Prevention of Violence Against Women

This program aims to develop high‐impact strategies for primary prevention, ensure survivors’ access to protection and justice, empower women to claim their rights.

By

SNEHA (Society for Nutrition, Education and Health Action)

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Social causes

Beneficiaries

SDGs covered

Endorsed by

Harish & Bina Shah Foundation

Market of Implementation

  • India

Problem

Gender-based violence (GBV) or violence against women and girls (VAWG), is a global pandemic that affects 1 in 3 women in their lifetime. The Convention on the Elimination of All Forms of Discrimination Against Women was signed by 189 countries, including India, in 1980.The United Nations declared a response to violence against women and girls imperative in 2006, and it was identified as a health priority in World Health Organization (WHO) guidelines of 2013. Elimination of violence against women and girls in public and private is a target for the fifth Sustainable Development Goal. There is little evidence of improvement. Globally, 30% (95% CI 28, 32) of women have ever experienced physical or sexual violence by an intimate partner, or sexual violence by a non-partner.5 The question of how to achieve substantial reductions in violence against women in low- and middle-income countries is central to current debate.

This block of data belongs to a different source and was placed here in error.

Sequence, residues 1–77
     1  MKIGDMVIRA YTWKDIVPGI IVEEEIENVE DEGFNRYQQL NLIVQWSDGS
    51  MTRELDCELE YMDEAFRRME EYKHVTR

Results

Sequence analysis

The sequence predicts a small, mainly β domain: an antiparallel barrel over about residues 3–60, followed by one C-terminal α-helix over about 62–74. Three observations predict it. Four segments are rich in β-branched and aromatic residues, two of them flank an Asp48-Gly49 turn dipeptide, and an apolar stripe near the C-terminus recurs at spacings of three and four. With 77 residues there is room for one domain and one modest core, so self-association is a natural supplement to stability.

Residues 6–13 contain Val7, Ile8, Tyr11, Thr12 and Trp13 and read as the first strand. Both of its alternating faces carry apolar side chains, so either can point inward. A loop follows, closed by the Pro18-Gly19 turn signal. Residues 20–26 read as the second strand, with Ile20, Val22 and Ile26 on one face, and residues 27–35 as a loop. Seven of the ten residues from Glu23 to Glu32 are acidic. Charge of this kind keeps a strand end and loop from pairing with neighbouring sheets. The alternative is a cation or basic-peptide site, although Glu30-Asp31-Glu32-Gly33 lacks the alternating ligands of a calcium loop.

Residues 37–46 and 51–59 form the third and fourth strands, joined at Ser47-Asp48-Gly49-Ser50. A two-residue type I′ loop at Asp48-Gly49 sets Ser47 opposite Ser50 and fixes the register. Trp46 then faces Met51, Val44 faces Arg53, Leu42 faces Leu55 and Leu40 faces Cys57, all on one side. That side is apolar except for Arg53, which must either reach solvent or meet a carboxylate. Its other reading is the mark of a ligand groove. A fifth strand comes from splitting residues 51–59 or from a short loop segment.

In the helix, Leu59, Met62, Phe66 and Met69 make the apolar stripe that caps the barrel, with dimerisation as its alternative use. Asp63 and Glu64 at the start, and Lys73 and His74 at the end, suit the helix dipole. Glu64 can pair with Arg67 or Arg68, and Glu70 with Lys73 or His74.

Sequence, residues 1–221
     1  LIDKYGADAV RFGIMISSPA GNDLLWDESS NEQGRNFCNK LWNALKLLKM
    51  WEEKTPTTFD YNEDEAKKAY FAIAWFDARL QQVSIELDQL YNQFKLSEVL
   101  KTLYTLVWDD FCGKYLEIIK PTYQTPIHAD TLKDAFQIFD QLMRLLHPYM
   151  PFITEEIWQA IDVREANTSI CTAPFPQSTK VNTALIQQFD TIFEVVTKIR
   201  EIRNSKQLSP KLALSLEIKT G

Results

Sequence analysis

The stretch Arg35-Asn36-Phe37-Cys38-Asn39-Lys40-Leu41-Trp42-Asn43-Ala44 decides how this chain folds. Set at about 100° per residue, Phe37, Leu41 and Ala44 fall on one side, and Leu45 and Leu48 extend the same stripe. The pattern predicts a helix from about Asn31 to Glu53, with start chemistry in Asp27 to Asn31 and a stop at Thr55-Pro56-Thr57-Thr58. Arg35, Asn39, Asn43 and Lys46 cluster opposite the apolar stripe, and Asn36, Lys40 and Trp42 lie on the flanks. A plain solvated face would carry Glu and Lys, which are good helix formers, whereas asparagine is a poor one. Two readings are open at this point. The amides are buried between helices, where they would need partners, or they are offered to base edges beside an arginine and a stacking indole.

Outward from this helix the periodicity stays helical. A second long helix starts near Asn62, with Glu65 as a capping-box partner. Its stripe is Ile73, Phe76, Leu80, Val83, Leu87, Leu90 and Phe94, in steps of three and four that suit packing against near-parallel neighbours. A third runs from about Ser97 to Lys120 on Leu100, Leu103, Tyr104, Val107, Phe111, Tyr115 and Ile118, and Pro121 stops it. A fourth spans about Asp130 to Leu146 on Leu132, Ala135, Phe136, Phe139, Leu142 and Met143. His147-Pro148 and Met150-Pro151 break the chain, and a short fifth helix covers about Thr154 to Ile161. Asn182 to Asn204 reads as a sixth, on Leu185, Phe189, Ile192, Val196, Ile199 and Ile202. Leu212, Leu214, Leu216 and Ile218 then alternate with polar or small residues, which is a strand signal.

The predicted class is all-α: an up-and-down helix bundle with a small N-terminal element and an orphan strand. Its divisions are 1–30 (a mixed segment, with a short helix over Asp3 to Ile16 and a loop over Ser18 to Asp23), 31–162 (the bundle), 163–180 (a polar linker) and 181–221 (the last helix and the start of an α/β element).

Solution

The ultimate goal of prevention is to stop something from ever happening. Violence against women and children is, however, a ‘wicked’ problem. It cuts across class, caste, culture and geographical boundaries and its determinants are both multilevel and intersectional. This means that it is imperative that we act at all levels and with an understanding of the intersectionality. Using a socio-ecologic model as a framework for action at different levels to prevent violence, from the individual to the home to the community to society, we tackle the interplay between levels and intersectional factors through primary, secondary and tertiary prevention strategies. Primary prevention activities are carried out through campaigns and group education with women’s and men’s groups, leading to individual voluntarism to identify, respond to and refer cases of violence against women and children. Secondary prevention is offered through delivery of comprehensive services that provide counselling.

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